Pablo Minguez (email@example.com)
Fátima Al-Shahrour (firstname.lastname@example.org)
Joaquín Dopazo, (email@example.com)
Bioinformatics Department, Centro de Investigación Príncipe Felipe (CIPF), Autopista del Saler 16, E46013, Valencia, Spain
Functional Genomics Node, INB-CIPF, Autopista del Saler 16, E-46013, Valencia, Spain
The interpretation of microarray experiments is commonly addressed by means a two-step approach in which the relevant genes are firstly selected uniquely on the basis of their experimental values (ignoring their coordinate behaviors) and in a second step their functional properties are studied to hypothesize about the biological roles they are fulfilling in the cell. Recently, different methods (e.g. GSEA or FatiScan) have been proposed to study the coordinate behavior of blocks of functionally-related genes. These methods study the distribution of functional information across lists of genes ranked according their different experimental values in a static situation, such as the comparison between two classes (e.g. healthy controls versus diseased cases). Nevertheless there is no an equivalent way of studying a dynamic situation from a functional point of view.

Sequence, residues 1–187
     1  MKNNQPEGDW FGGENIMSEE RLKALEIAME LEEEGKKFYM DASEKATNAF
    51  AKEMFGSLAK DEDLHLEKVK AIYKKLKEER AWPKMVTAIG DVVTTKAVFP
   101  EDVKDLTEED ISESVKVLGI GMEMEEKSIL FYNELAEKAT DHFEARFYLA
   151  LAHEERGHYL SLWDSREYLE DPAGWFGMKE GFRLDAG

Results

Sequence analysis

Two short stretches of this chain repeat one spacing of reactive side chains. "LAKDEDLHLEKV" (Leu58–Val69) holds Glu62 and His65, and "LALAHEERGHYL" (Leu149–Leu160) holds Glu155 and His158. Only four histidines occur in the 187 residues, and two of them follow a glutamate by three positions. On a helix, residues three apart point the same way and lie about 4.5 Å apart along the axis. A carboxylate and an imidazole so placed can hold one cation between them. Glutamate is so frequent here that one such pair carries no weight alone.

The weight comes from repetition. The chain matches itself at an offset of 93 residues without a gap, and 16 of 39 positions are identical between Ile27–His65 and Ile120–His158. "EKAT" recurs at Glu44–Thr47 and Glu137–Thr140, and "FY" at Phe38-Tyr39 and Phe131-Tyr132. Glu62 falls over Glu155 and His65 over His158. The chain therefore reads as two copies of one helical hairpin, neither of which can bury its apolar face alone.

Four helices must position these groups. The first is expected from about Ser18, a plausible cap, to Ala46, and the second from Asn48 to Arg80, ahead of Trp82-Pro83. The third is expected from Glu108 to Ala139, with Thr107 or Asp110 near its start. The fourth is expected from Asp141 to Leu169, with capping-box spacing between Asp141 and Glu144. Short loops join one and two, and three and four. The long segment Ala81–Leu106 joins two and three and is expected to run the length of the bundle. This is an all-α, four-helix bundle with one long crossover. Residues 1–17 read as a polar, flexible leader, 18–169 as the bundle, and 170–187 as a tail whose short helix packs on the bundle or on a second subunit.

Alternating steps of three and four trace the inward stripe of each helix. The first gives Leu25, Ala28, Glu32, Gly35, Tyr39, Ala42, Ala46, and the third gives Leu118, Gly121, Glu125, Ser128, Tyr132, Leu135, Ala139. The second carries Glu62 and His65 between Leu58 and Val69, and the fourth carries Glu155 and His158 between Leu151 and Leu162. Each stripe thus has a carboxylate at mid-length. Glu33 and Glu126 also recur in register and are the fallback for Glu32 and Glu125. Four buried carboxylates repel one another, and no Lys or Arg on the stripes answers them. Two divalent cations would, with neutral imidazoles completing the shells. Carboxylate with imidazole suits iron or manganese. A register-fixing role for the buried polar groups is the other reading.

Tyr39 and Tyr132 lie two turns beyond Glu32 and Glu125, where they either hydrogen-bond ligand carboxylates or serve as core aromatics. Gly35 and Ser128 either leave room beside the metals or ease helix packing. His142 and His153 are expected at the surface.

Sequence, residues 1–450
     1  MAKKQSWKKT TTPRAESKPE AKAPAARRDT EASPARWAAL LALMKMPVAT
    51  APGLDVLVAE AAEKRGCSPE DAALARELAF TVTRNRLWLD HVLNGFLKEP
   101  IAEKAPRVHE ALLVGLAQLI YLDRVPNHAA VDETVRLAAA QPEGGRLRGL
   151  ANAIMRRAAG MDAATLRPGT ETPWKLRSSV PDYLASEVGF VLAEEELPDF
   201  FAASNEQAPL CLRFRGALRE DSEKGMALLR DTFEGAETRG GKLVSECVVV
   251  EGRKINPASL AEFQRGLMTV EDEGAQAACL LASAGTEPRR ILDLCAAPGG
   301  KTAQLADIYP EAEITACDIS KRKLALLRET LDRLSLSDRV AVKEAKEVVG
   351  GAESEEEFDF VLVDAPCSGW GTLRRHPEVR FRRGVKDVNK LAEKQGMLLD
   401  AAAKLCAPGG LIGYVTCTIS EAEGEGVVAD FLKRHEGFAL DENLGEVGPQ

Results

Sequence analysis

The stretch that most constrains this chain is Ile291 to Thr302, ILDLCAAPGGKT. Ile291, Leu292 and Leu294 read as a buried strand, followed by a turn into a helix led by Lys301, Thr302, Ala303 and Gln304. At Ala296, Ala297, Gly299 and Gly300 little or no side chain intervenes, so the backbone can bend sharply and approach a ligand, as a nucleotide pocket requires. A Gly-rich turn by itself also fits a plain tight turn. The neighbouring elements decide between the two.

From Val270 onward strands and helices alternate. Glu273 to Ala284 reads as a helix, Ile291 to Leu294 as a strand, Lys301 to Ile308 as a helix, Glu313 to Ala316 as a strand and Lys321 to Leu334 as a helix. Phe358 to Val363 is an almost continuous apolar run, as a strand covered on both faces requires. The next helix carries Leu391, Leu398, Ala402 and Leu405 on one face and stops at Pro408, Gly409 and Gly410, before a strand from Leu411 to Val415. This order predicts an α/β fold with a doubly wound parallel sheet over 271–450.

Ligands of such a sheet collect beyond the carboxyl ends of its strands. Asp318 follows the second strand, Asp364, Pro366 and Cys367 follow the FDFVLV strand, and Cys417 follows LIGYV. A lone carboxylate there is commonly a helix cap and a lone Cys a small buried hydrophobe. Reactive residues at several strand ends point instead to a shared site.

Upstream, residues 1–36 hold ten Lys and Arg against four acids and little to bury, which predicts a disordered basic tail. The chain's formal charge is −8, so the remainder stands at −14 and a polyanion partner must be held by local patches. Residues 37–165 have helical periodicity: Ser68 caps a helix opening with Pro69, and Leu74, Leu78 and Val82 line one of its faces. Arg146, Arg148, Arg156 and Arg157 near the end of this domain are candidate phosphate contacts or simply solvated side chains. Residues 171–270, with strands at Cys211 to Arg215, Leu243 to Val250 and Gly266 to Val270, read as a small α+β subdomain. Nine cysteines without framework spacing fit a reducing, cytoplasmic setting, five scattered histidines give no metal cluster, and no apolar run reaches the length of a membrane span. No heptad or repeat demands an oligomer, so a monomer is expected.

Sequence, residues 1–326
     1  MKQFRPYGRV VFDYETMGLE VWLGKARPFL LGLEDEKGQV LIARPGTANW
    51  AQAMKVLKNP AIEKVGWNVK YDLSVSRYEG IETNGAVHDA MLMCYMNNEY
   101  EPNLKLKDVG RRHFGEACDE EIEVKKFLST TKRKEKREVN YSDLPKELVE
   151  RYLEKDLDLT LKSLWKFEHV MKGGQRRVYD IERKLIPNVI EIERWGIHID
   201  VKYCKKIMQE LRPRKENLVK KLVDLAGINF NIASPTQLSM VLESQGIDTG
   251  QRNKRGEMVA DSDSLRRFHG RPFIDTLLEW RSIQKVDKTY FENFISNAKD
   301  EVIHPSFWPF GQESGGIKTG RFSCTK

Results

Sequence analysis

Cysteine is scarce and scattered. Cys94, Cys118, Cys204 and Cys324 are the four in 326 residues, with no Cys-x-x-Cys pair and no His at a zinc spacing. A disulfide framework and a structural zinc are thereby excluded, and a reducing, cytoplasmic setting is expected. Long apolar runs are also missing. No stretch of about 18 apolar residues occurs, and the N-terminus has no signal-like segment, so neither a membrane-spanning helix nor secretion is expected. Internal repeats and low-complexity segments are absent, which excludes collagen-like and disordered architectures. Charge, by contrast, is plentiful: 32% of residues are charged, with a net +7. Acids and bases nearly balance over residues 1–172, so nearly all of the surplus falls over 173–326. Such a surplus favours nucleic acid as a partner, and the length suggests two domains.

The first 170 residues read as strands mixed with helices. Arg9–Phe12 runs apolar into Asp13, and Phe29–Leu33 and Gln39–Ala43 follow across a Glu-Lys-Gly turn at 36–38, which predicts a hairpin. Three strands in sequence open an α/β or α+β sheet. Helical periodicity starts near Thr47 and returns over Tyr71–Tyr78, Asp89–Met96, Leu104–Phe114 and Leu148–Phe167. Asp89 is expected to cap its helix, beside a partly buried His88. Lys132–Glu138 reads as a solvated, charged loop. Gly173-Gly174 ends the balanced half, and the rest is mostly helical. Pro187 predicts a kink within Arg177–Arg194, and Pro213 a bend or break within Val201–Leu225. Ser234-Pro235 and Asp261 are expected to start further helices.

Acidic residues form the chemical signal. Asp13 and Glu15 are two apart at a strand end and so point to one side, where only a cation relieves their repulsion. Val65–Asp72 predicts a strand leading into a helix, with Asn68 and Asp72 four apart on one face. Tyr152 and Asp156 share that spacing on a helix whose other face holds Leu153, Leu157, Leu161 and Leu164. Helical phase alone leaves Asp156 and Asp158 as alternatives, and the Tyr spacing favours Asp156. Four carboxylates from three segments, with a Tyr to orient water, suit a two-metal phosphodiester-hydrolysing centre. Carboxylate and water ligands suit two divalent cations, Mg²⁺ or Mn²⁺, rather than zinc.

We present a method for the functional analysis of microarrays series in which the experiments display autocorrelation between successive points (e.g. time series, dose-response experiments, etc.) The method allows to recover the dynamics of the molecular roles fulfilled by the genes along the series which provides a novel approach to functional interpretation of such experiments. The method finds blocks of functionally-related genes which are significantly and coordinately over-expressed at different points of the series. This method draws inspiration from systems biology given that the analysis does not focus on individual properties of genes but on collective behaving blocks of functionally-related genes.
The FatiScan algorithm used in the method proposed is available at: http://fatiscan.bioinfo.cipf.es, or within the Babelomics suite: http://www.babelomics.org. Additional material is available at: http://bioinfo.cipf.es/data/plasmodium